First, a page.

By Hans-Georg Gadamer
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Additional info for Literature and Philosophy in Dialogue: Essays in German Literary Theory (S U N Y Series in Contemporary Continental Philosophy)
So Kant is speaking the trutheven about Goethe. The decisive question, however, is whether Schiller is right on this point. Is Goethe's philosophical stance one of instinct? Is his philosophy really nothing more than unconscious Idealism? Goethe himself seems to give an affirmative answer. Even if at the beginningin his answer to Schiller's first important letterhe discovers in himself "a kind of darkness and hesitation" that resists a self-clarification offered to him in the garb of philosophy, yet there is no doubt that gradually he is ready to see himself through the eyes of Schiller as expressed in Kantian terms.
Nevertheless, this disagreement had led to the formation of a common bond; and in this way a union of the two great men was established, as Goethe himself depicted it, on the basis of a competition between object and subject, a disagreement that could never perhaps be entirely settled. In their correspondence we have before us the part of this competition they shared together. This correspondence opens with a splendid attempt by Schiller to define his own, as well as philosophy's, relation to the spirit of Goethe.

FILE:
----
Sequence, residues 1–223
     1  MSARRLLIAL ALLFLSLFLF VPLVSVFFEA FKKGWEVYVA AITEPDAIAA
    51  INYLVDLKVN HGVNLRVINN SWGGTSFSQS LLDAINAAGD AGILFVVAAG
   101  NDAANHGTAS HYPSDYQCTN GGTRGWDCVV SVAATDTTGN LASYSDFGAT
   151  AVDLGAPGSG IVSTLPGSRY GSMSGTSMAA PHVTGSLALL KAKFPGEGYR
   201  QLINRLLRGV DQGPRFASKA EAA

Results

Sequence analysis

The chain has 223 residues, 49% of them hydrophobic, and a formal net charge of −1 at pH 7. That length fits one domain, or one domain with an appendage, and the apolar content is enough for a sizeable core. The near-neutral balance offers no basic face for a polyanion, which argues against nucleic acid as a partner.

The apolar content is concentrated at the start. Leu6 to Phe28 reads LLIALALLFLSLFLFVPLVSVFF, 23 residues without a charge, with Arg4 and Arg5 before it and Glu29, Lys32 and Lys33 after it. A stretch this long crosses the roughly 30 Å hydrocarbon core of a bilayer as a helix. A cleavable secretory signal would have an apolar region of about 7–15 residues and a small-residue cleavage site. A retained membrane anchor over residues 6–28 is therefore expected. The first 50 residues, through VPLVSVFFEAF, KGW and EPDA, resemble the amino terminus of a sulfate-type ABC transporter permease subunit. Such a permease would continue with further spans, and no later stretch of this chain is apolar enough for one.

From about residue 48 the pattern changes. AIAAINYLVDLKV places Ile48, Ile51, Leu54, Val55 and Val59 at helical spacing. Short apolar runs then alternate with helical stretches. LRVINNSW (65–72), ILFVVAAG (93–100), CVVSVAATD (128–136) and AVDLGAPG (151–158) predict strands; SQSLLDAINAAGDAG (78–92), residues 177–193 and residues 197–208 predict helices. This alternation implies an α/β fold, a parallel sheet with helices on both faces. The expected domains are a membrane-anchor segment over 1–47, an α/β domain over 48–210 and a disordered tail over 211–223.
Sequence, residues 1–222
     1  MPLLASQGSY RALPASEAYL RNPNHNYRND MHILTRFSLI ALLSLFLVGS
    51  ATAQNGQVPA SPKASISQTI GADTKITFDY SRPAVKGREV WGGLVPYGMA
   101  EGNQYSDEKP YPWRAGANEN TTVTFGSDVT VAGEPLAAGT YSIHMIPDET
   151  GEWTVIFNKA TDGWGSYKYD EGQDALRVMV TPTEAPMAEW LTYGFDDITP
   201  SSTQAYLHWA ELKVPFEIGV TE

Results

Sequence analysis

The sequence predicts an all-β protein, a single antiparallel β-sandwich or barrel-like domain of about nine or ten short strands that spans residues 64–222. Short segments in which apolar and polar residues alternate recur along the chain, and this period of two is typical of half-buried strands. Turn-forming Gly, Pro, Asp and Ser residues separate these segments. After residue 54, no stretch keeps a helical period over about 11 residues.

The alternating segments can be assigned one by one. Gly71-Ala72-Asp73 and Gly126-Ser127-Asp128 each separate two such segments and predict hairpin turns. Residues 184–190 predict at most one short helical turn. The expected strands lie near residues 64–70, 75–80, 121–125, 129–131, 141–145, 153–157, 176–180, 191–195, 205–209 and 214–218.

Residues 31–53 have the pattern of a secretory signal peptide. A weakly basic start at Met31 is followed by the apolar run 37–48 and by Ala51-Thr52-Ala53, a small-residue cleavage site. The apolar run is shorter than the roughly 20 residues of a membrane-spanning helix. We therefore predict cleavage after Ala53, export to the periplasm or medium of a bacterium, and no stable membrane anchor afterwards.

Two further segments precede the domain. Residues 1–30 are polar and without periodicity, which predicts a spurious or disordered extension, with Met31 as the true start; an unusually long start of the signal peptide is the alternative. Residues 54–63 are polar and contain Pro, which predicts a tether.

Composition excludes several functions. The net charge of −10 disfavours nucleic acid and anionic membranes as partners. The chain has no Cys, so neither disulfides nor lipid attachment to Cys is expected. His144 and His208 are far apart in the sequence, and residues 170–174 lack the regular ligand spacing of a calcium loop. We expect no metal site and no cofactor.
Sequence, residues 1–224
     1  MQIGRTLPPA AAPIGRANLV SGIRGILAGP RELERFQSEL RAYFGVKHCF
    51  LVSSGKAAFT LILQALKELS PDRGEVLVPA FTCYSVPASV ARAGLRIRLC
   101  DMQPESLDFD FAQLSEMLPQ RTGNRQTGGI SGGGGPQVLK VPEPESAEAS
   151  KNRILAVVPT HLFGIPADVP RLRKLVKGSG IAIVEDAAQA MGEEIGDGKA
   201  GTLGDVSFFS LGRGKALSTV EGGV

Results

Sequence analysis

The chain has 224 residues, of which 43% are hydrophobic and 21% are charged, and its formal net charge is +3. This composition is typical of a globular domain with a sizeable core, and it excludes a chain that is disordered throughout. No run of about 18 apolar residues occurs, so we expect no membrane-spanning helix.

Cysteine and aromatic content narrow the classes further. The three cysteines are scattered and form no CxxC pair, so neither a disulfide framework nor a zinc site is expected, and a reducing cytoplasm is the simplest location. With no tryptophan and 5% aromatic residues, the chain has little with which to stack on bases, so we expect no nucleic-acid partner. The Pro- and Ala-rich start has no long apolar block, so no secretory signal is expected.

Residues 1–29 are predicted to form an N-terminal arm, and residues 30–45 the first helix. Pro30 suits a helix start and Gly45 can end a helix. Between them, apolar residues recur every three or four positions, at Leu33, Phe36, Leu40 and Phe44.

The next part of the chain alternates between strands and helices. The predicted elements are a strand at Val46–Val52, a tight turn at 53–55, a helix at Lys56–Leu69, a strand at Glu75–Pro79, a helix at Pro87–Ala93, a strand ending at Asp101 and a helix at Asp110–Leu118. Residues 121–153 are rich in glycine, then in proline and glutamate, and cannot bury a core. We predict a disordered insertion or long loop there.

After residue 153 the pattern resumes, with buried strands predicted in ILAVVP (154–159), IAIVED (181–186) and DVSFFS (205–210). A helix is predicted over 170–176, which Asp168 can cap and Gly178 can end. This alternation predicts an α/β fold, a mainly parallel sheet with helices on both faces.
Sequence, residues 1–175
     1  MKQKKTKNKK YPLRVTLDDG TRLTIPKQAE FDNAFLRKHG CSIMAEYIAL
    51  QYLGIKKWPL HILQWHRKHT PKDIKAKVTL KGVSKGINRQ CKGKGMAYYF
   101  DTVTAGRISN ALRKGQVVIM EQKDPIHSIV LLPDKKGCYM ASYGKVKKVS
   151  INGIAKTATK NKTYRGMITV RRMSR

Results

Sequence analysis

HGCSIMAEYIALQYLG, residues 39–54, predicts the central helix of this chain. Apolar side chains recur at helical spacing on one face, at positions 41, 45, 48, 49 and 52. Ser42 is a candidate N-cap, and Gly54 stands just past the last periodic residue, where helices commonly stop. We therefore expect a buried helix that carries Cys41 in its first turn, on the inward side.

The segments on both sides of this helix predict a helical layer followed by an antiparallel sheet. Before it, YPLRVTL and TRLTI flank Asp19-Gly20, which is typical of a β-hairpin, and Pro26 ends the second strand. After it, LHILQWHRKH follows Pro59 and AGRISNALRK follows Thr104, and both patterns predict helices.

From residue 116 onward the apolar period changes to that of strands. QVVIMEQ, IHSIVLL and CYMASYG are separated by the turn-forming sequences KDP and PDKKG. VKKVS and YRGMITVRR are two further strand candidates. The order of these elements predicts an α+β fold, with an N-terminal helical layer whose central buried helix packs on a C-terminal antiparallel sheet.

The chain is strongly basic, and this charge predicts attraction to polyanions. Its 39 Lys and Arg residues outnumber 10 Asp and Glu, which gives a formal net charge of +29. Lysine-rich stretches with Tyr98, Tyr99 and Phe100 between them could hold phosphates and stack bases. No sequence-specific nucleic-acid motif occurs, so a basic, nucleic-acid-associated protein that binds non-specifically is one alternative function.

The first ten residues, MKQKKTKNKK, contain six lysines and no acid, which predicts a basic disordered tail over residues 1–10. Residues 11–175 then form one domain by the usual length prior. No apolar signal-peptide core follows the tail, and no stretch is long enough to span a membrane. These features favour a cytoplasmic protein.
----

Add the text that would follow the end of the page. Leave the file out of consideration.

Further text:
All three deal with the way in which human culture develops: the mythological drama of the prehistorical world of the titans and how they were conquered; the fairy-tale opera on the struggle of elemental and spiritual forces involved in human development. The elemental and the spiritual, their opposition and their mutual belongingness, govern the spiritual course of mankind in general, the path to culture as well as to the development of the individual. This is what particularly interested Goethe: to show that the constant hidden presence of the titanic element, the continual threat to man's spirit by the darkness of elemental forces belongs to the very essence of human destiny.
Literature and Philosophy in Dialogue: Essays in German Literary Theory (S U N Y Series in Contemporary Continental Philosophy) by Hans-Georg Gadamer